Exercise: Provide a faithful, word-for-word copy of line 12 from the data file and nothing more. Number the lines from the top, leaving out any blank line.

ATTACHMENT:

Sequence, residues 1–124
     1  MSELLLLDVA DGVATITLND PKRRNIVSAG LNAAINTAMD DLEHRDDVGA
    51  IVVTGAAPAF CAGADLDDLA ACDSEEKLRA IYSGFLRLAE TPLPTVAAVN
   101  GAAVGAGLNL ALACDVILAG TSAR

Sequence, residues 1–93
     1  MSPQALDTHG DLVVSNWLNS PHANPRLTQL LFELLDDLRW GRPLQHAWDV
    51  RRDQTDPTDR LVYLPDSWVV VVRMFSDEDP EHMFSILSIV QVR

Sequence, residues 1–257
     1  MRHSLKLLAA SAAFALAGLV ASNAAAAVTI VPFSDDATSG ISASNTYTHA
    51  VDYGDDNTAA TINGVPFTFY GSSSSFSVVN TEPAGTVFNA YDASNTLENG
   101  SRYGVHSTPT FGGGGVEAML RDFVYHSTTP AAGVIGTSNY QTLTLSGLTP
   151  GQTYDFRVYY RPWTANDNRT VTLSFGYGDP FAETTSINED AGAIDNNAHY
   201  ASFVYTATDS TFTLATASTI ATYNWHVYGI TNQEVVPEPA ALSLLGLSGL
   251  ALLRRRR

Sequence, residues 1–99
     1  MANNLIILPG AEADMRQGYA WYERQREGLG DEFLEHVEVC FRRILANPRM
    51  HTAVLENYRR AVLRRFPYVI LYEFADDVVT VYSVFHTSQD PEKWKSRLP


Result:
   151  GQTYDFRVYY RPWTANDNRT VTLSFGYGDP FAETTSINED AGAIDNNAHY